Civilization in the Bolivian Andes is thought to stretch back some 21,000 years. The most influential Pre-Columbian cultures were the Tiahuanaco, who were based around Lake Titicaca and who ruled the region between 600-1200 AD, and the Incas, who headed a vast empire comprising most of Peru, Bolivia, Ecuador and northern Chile. The Spanish conquest of the country began in 1531 under Francisco Pizarro. The conquistadors made rapid progress, exploiting the trust (and later the disunity) of the Indians to secure the territory that within two years became known as Alto Peru.

In 1544, deposits of silver were discovered at Potosí. The wealth generated by this find underwrote the Spanish economy (and the extravagance of its monarchs) for more than two centuries. However, conditions for the mine workers were appalling, with most of the enslaved Indians and Africans dying within a few years. The process of achieving independence from the profligate Spanish administration finally came in the form of Simón Bolivar's lieutenant Antonio José de Sucre, in the battle of Ayacucho in 1824. Bolivia was formally declared a republic the following year.

Bolivia's territory had always been coveted by its neighbors, encompassing as it did over 2 million square kilometers (780,000 sq mi). Chile's desire for more land first bore fruit in the War of the Pacific, which it fought with Bolivia between 1879 and 1884. Chile triumphed, securing 850km (527mi) of coastline and robbing Bolivia of the port of Antofagasta, leaving the country landlocked. Soon after, Peru, Brazil and Argentina also began hacking away at Bolivia's borders. In 1932, a border dispute with Paraguay in the Chaco region over oil deposits stripped Bolivia of further land. The ensuing Chaco War (1932-35) also served to foment civil unrest within the country, promulgating reformist associations and leading to a series of coups by reform-minded military leaders. Perhaps the most significant development during this time was the formation of the populist Movimiento Nacionalista Revolucionario (MNR). In 1951, the MNR, under the leadership of Víctor Paz Estenssoro, prevailed in the general elections but was stymied by a last-minute coup. The coup provoked a popular armed revolt which became known as the April Revolution of 1952. The military was subsequently defeated and Paz Estenssoro was brought back.

In 1964, a military junta headed by General René Barrientos overthrew the MNR. Military regimes subsequently came and went with monotonous regularity until the election of the leftist civilian Movimiento de la Izquierda Revolucionaria (MIR) under Dr Hernán Siles Zuazo in 1982. Three years later Zuazo was defeated by Paz Estenssoro, who immediately sought to curb the stratospheric inflation levels (at one point reaching 35,000% annually) and implemented austerity measures. The current president, Jorge Quiroga Ramírez, was promoted from the vice presidency in August 2001 after Hugo Banzer Suarez of the AND resigned. Bolivia is currently vying to strengthen its regional links and is a supporter of a South American common market.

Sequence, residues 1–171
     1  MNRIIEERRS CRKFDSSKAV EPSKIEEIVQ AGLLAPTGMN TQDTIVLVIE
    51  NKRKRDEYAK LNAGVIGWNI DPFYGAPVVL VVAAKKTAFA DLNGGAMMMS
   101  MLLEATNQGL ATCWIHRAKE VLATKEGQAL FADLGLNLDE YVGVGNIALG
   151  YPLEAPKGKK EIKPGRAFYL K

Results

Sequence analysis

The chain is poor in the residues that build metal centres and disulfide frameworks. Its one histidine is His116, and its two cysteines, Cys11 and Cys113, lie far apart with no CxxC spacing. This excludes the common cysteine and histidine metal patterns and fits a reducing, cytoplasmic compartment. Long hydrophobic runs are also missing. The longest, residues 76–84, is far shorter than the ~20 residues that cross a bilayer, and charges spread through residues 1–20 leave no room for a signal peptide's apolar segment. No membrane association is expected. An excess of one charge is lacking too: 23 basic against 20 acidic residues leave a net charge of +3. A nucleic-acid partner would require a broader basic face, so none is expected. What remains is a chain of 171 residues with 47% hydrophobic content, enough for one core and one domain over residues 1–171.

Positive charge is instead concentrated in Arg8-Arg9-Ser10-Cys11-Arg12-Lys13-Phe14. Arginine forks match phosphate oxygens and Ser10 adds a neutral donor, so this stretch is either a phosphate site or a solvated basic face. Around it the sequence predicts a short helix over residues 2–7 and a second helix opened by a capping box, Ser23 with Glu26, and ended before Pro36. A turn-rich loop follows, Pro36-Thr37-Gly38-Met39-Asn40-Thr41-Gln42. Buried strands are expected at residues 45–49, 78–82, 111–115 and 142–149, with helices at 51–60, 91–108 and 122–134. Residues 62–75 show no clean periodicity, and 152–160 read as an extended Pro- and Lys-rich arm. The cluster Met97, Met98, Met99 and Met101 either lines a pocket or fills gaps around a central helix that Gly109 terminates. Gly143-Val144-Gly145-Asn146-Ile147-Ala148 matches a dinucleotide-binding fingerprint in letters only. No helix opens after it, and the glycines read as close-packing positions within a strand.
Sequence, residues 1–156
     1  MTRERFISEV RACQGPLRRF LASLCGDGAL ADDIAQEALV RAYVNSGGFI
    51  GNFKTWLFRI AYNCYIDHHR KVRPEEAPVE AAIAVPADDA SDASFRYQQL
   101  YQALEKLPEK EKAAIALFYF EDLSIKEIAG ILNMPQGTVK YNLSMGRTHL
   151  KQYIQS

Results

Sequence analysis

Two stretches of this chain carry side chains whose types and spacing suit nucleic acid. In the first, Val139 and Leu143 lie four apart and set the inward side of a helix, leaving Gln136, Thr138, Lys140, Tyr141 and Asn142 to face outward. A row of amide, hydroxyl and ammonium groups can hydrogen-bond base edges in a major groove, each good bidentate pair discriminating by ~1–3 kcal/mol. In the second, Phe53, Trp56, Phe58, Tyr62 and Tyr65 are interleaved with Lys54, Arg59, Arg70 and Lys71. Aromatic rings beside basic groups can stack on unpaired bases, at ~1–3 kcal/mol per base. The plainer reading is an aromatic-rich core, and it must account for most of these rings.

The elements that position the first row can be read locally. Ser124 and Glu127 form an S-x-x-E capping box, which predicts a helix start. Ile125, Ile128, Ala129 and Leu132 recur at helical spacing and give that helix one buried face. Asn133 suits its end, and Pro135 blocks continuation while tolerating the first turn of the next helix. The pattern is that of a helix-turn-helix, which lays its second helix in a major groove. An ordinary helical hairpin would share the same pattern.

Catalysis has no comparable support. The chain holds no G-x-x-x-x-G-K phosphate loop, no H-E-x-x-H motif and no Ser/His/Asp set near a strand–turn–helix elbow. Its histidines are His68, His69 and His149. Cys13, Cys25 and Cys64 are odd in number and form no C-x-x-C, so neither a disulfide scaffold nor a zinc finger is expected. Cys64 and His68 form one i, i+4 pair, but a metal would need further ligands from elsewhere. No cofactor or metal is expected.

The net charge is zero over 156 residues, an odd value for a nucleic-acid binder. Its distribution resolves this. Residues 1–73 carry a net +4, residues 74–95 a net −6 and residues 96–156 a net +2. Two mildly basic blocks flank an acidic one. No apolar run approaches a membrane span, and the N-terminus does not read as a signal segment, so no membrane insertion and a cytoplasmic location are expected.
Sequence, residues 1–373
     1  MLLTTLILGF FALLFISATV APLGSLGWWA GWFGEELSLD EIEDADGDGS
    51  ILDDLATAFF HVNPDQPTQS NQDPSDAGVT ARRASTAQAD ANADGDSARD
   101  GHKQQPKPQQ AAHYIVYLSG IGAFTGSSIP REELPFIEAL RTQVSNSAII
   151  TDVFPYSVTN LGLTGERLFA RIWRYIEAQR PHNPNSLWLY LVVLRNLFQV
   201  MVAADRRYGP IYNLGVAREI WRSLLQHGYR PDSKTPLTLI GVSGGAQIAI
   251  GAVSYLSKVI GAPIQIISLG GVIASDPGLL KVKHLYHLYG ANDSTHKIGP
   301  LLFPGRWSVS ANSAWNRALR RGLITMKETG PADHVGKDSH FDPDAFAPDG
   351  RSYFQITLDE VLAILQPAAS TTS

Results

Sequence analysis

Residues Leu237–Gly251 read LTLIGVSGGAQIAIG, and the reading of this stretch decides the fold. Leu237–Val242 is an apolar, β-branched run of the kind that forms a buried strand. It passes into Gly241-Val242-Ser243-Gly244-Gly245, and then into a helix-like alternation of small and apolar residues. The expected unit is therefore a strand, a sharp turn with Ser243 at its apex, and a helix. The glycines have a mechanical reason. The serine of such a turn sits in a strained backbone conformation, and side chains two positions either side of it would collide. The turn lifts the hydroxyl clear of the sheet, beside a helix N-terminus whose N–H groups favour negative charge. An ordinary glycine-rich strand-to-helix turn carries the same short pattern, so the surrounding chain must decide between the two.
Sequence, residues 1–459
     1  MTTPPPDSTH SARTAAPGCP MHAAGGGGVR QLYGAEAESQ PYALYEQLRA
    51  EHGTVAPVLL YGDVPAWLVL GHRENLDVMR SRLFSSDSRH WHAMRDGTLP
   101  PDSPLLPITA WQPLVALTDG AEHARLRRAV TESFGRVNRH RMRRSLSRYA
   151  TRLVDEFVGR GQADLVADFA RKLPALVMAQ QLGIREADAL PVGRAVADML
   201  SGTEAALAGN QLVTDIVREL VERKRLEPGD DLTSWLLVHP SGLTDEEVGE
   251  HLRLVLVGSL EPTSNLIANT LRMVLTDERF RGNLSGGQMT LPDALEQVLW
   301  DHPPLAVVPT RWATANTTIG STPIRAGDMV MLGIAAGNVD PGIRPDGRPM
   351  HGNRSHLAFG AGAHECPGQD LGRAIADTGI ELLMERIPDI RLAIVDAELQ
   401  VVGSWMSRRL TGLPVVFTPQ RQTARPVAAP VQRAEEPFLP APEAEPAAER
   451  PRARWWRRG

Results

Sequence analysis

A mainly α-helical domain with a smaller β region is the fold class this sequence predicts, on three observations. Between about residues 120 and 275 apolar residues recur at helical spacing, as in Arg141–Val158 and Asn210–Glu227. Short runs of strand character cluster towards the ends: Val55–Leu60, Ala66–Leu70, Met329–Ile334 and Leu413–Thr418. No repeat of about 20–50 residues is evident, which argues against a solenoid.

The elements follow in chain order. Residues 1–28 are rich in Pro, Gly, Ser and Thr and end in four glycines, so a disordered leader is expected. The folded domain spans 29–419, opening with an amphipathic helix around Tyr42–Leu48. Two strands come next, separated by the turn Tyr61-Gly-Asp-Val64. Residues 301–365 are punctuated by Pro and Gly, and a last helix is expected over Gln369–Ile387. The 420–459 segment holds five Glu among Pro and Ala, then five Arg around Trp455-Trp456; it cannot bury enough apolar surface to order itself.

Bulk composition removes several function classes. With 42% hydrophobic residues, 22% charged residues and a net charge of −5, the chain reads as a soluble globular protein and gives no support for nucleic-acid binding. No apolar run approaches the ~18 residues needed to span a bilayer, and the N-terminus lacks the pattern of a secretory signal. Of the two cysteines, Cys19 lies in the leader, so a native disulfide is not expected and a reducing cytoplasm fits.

It's reputation as a cocain-producing country in the early 1990s hurt relations with the US, the hemisphere's 800lb gorilla. This strained relationship exacerbated a severe recession that peaked in 1999 with a record 20% unemployment. While inflation has been reduced to around 4% annually, the country's history of economic instability still deters overseas investors. Bolivia's main structural problem is the huge gulf that seperates this divided society, half immersed in the world of 20th-century business and half who remain subsistent peasants.

Musical traditions within Bolivia are distinctly regional: strains of Andean music from the desolate Altiplano are suitably haunting and mournful, while those of warmer Tarija, with its compliment of bizarre musical instruments, take on more ebullient tones. Dances such as the cueca, auqui-auqui and tinku hold a reverent place in popular culture. Other forms of folk expression include spinning and weaving, which display regional differences but have changed little over the last 3000 years. Spanish is the official language, yet only 60 to 70% of the people actually speak it, and then often only as a second language. The remainder speak Quechua, the language of the Inca, or Aymará, the pre-Inca language of the Altiplano.

Roughly 95% of Bolivia's population professes to be Roman Catholic, but the absence of clergy in rural areas has led to a synthesis of Inca and Aymará beliefs with Christianity. The hybrid Christian/folk religion is an interesting conglomeration of doctrines, rites and superstitions. Bolivia's food is dominated by meat dishes, accompanied by rice, potatoes and shredded lettuce. Sometimes llajhua (a hot sauce made from tomatoes and pepper pods) will be used to add spice and flavor to a dish. Bolivian beer, wine and chicha (industrial-strength maize liquor) are all good but be warned: if invited to drink with locals, be prepared as the alcohol is strong and Bolivian drinking habits lusty.